- Di-indol methane (DIM) or Indole 3 carbinol (150 – 750 mg per day): Modulates estrogen metabolism to favor the less carcinogenic metabolites. Also inhibits estrogen receptor sites and aromatase enzymes (converting testosterone to estrogen). This compound is contained in broccoli, onions, cauliflower, and other vegetables in that family. Eating more of those vegetables is also beneficial.
- Resveratrol: Aromatase inhibitor.
- Soy: Decreases sex hormone binding globulin and aromatase.
- Progesterone (bioidentical only).
- Iodine (IThroid or Iodine Synergy) in higher doses can reduce fibrocystic breast disease, breast cancer, and aid in estrogen metabolism. (“Iodine: Why You Need It and Why You Can’t Live Without It” by David Brownstein, MD, Medical Alternatives Press: 888-647-5616)
- Selenium 200-400 mcg/day in the form of methylselenocysteine or selenomethionine
TAKE ANTIOXIDANT SUPPLEMENTS DAILY:
- Vitamin E: 400-800 IU
- Vitamin C: 1000 to 4000 mg.
- Beta-carotene or mixed carotenoids: 10-25,000 I.U.
- Selenium 200 mcg.
- Coenzyme Q 10: 60 to 400 mg.
- Naturfolate (MTHF), vitamin B-12, SAMe, N-acetyl cysteine, alpha lipoic acid, undenatured whey protein: to raise glutathione levels.
- Celtic sea salt
REDUCE ENVIRONMENTAL EXPOSURES:
There are many environmental sources of toxic, carcinogenic substances. Whenever possible, avoid these chemicals and hormone-mimicking compounds. These “xeno-estrogens” can literally turn on breast cancer cells. Industrial pollutants in food, water, personal care products, and environment may well be at the root of the rise in the incidence of breast cancer.
- Eat organic meat and poultry. Many estrogenic compounds, such as DES, are given to animals to promote growth.
- Eat organic foods whenever possible. Pesticides often act as hormone mimics. Being fat soluble, they are often found concentrated in breast tissue. Don’t use pesticides around your home or on your lawn. Look into integrated pest management or natural lawn care instead.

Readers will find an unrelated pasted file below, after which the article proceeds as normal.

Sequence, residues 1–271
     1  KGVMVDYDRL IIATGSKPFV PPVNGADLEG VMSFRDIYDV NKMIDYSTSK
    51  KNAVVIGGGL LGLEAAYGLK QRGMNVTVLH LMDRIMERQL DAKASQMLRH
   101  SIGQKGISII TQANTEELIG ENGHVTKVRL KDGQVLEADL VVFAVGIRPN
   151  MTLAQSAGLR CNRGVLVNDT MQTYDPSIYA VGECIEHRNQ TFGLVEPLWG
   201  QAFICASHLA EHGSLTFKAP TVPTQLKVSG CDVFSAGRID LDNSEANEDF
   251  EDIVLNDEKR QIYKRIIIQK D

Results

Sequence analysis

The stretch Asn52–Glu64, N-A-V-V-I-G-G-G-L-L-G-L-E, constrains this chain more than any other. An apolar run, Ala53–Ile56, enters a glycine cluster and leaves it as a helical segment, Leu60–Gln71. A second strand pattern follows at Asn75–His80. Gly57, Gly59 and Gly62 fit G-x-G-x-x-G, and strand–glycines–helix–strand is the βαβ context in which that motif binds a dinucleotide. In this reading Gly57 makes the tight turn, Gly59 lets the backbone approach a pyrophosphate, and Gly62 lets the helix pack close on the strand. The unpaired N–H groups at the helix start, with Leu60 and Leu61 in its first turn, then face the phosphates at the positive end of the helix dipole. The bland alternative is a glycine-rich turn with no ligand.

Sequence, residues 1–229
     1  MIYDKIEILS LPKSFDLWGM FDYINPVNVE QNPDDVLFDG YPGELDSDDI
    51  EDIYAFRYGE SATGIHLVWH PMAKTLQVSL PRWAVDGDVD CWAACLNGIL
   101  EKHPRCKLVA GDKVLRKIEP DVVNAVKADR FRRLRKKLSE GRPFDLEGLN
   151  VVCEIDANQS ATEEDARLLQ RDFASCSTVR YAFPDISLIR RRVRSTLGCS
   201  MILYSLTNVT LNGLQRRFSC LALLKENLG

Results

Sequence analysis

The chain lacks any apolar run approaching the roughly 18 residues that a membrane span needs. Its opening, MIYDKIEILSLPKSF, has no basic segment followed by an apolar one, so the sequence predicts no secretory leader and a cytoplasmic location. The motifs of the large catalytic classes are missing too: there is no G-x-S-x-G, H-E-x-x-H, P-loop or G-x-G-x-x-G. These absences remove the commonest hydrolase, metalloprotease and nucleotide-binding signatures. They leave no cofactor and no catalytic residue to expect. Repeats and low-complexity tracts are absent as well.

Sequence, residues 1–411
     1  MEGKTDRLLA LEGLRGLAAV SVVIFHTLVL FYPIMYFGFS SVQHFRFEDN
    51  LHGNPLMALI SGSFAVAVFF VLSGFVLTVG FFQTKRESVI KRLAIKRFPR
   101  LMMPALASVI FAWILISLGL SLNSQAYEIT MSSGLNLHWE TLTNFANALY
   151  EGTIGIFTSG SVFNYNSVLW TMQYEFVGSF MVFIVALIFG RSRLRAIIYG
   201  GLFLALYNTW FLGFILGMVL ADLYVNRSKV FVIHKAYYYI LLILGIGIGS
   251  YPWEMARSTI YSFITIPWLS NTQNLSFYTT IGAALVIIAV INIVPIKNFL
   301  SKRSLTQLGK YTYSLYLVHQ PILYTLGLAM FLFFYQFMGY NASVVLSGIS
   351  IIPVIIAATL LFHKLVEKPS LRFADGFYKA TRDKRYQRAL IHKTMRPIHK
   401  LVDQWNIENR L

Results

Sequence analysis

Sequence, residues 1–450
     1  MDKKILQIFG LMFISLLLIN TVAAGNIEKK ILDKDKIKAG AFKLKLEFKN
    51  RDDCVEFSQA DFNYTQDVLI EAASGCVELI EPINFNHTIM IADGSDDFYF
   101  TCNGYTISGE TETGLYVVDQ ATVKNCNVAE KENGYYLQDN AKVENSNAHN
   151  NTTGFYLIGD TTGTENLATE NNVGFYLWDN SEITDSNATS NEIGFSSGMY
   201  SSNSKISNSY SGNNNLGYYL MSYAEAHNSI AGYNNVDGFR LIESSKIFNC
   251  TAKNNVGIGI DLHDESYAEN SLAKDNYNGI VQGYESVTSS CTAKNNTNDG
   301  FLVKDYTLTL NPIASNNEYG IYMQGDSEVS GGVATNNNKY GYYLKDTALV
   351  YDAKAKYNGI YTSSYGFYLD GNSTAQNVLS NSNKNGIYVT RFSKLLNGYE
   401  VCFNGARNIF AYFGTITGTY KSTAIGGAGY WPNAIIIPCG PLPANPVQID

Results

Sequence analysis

- Avoid plastic containers and plastic lined cans as much as possible. Some plastic soda bottles as well as the lining materials for cans contain polycarbonates, potent xeno-estrogens that have been implicating in causing breast cancer.
- Avoid carcinogenic and hormone modulators in cosmetics, skin care products, and personal hygiene products. Most of these products on the market contain one or more of the following chemicals:
- DEA: (Cocamide or Lauramide DEA, MEA, or TEA)
This is a known carcinogen that is in most skin lotions, shampoos, etc. and is absorbed right through the skin.
- Propylene Glycol:
- PEG (polyethylene glycol):
- Sodium Lauryl Sulfate (SLS) and Sodium Laureth Sulfate (SLES):
ORGANIC ESSENTIALS personal care products are the only truly chemical-free skin care products available to our knowledge. Ask us for a catalog to order.
FAMILY HISTORY AS A RISK FACTOR FOR DEVELOPING BREAST CANCER:
Synopsis: The authors of a large meta-analysis study collected data on over 150,000 individual patients (58,209 with breast cancer) included in 52 cohort studies of risk factors for developing breast cancer. The data confirms that having a first degree relative with breast cancer increases a woman’s risk by 1.8, 2.9 and 3.6 for one, two or three affected relatives, respectively. The risk appears greatest for first degree relatives diagnosed earlier in life and is a greater burden for younger women. Childbearing history had no influence on risk in women with a family history of breast cancer. the more babies a woman had, the lower the risk when compared to women who have never given birth. Also, the younger her age at first childbirth, the lower the risk If a women’s age at first birth is over 30, there appears to be no beneficial effect. Reflecting hormonal exposure, women with earlier menopause were at lower risk, women who hadn’t been on oral contraceptives for more than 10 years, and women who had never been on hormone replacement therapy were at the lowest risk. Most women with breast cancer had no identifiable risk factors.
Bottom line: While family history is an important risk factor for the development of breast cancer, the magnitude of risk is dependent upon the age at diagnosis and the age of the woman concerned. Having said this, about 90% of women who develop breast cancer have no family history, and 90% of women with a first degree relative with breast cancer DON’T develop breast cancer.
References: Collaborative Group on Hormonal Factors in Breast Cancer. Familial breast cancer: collaborative reanalysis of individual data from 52 epidemiological studies including 58,209 women with breast cancer and 101,986 women without the disease. Lancet 2001;358:1389-99